North

Company completes 1st overland fibre-optic cable from Alaska using Northwestel cables

The 772-kilometre overland link begins near Fairbanks, Alaska, and ends at Haines Junction, Yukon, where it connects to cables installed by Northwestel.

Alaska now has fibre-optic line connecting it to the continental US

Northwestel works on a fibre line outside Haines Junction, Yukon. A new 772-kilometre overland link begins near Fairbanks, Alaska, and ends at Haines Junction, Yukon, where it connects to cables installed by Northwestel. (Submitted by Northwestel)

An Alaska company has completed construction of the first overland fibre-optic cable connecting the state to the continental U.S.

The cable operated by Matanuska Telephone Association is expected to reduce Alaska's reliance on undersea cables and satellite and microwave links for high-speed internet and telephone service, The Anchorage Daily News reported Tuesday.

Matanuska Telephone CEO Michael Burke declined to reveal the cost of the new cable, citing confidentiality agreements with the company's Canadian partners.

Alaska's sub-sea cables are vulnerable to earthquakes and an overland connection offers a "geographically diverse route" for internet traffic, Burke said.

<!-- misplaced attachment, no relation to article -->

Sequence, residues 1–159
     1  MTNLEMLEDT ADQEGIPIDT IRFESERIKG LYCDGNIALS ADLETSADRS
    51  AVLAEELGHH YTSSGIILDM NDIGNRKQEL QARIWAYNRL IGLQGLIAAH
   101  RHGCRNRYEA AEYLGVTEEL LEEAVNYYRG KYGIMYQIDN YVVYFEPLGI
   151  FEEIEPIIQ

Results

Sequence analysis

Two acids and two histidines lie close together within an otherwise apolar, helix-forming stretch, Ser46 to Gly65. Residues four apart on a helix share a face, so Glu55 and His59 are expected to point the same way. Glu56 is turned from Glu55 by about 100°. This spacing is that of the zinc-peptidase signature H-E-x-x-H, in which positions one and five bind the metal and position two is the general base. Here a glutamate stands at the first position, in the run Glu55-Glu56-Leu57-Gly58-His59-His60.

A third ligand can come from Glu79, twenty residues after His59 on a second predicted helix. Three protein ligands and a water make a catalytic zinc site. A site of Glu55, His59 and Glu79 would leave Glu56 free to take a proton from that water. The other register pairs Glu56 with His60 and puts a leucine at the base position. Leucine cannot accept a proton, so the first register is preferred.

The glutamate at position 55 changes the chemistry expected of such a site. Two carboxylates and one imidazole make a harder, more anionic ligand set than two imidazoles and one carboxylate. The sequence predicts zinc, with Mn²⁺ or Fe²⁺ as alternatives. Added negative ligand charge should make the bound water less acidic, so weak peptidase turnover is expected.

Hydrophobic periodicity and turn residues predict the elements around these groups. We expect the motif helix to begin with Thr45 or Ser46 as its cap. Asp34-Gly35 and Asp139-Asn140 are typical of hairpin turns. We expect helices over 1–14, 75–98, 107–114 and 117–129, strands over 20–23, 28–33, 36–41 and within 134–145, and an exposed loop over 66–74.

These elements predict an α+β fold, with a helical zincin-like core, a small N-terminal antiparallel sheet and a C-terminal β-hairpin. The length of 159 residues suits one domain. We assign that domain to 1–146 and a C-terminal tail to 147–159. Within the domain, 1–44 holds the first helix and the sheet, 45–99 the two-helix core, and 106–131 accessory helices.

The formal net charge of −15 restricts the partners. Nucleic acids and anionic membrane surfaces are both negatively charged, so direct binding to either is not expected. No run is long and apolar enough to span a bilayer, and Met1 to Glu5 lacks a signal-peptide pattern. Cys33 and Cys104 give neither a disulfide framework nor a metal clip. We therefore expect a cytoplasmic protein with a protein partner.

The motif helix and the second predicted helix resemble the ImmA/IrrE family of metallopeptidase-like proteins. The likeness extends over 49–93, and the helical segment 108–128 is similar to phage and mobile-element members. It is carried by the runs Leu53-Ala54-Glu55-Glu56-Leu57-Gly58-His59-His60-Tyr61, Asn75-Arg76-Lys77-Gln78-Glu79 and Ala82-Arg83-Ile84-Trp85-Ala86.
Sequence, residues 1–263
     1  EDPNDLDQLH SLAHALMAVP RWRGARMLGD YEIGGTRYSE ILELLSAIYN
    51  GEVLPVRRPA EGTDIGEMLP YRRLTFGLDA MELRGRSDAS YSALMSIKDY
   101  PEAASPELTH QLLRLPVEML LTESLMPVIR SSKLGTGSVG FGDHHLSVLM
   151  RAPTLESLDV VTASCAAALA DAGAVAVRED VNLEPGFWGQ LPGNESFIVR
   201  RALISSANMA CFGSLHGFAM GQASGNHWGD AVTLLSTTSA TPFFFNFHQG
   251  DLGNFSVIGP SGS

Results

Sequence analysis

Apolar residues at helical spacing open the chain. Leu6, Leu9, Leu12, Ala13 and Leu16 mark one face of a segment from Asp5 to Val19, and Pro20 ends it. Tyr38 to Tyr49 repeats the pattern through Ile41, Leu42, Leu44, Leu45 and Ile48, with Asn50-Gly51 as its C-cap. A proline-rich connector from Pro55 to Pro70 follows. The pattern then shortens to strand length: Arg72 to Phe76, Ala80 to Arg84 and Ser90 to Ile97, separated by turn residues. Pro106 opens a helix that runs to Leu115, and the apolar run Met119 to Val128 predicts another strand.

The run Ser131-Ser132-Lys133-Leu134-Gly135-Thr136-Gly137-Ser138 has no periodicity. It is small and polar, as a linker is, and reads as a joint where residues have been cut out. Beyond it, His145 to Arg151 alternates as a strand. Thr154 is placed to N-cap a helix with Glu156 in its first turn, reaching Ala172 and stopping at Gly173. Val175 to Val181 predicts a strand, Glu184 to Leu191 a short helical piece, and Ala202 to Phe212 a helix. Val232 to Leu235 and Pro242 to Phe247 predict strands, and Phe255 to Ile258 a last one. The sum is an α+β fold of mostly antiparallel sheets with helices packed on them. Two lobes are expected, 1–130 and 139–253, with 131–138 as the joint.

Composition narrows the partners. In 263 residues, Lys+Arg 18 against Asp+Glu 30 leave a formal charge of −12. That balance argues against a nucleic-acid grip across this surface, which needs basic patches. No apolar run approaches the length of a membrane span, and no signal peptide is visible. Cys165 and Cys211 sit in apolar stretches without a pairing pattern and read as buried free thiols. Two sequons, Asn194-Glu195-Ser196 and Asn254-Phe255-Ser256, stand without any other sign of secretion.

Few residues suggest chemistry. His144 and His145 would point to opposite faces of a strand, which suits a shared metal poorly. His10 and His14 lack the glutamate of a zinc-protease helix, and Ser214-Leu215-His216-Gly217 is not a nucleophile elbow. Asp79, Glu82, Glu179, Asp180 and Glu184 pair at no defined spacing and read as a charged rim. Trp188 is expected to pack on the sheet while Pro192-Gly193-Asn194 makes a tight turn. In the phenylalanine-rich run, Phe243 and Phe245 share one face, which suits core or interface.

The cable's completion will eliminate the company's payments of millions of dollars annually to lease capacity in the undersea cables, which are predominantly owned by GCI and Alaska Communications Systems Group Inc., he said.

The company expects to sell cable access to other telecommunications companies, but does not plan to offer internet service to customers along the Alaska Highway, said Francis LaChapelle, vice-president of wholesale and carrier relations.

The 772-kilometre (480-mile) overland link begins at North Pole, Alaska, near Fairbanks and ends at Haines Junction, Yukon, where it connects to cables installed by Northwestel, the dominant telecom company in northern Canada. Northwestel's cables connect to the rest of North America.

Construction of the new link began in April 2019 with Alaska Directional LLC as the lead contractor and finished on schedule.

Obtaining federal permits needed to cross the border took more than a year, Matanuska Telephone vice-president of engineering Eric Anderson said.

Republican U.S. Sen. Dan Sullivan helped obtain the permitting, Anderson said.

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